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The problem is as below.

Input DC voltage is at 12V, transformer inductances are: Lp = 60uH, Ls = 240uH, switching behaviour is controlled by a single NMOS with switching frequency at 60kHz.

For ideal case, is it correct that power at primary winding is equal to the power at secondary winding, and that is the equation for this power.

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  • \$\begingroup\$ Yes, and in terms of basics, you need Lenz's Law to help find the power. \$\endgroup\$ – Brian Drummond Oct 30 '18 at 7:56
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For ideal case, is it correct that power at primary winding is equal to the power at secondary winding, and that is the equation for this power.

With ideal switches and diodes, zero transformer losses and switching losses and 100% transformer coupling, yes, all of the net energy taken by the primary winding is transferred to the secondary winding in the 2nd part of the switching cycle and that net energy multiplied by the switching frequency equals the power transferred.

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  • \$\begingroup\$ Sorry, I hit enter before finishing the comment. I've found on the internet for these equations as follow: Pin = 0.5*LpIp_peak^2*fsw = 0.5*Vin^2*D^2/(Lpfsw) (D is duty cycle, fsw is FET switching frequency, and Ip_peak is the peak winding current). Are these equations correct. \$\endgroup\$ – Electronics newbie Oct 30 '18 at 8:04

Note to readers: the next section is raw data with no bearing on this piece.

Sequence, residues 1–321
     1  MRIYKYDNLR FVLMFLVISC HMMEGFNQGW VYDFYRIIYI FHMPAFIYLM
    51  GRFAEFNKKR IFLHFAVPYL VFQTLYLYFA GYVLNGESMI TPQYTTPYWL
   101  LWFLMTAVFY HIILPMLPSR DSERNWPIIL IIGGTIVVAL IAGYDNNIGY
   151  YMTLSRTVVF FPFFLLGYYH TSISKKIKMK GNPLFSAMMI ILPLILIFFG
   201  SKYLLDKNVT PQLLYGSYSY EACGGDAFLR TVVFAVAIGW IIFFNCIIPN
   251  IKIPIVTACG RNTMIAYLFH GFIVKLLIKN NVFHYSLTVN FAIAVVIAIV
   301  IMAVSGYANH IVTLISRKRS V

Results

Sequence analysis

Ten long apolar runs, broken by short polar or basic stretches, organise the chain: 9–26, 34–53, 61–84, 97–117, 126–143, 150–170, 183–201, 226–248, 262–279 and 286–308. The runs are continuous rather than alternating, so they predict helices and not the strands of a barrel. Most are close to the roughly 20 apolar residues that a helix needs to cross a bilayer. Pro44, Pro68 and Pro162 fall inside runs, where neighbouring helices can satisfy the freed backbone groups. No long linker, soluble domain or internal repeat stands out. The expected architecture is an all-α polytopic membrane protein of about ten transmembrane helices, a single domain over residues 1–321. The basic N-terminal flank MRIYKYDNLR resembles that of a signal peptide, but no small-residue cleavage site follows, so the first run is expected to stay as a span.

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    \$\begingroup\$ @Electronicsnewbie stades.co.uk/Flyback/flyback%20DCM2.html \$\endgroup\$ – JonRB Oct 30 '18 at 9:45
  • \$\begingroup\$ @Electronicsnewbie Power = energy x frequency and \$0.5\cdot L_P\cdot I_P^2\$ is the stored energy in the inductor. So, if all that energy is transferred to the secondary then so is all that power (assuming zero losses.) \$\endgroup\$ – Andy aka Oct 30 '18 at 11:39
  • \$\begingroup\$ Follow JonRB's link to the section called "VBUS to VOUT transfer ratio" and you'll see that your 2nd formula should be \$F_{SW}^2\$ in the denominator. \$\endgroup\$ – Andy aka Oct 30 '18 at 11:45

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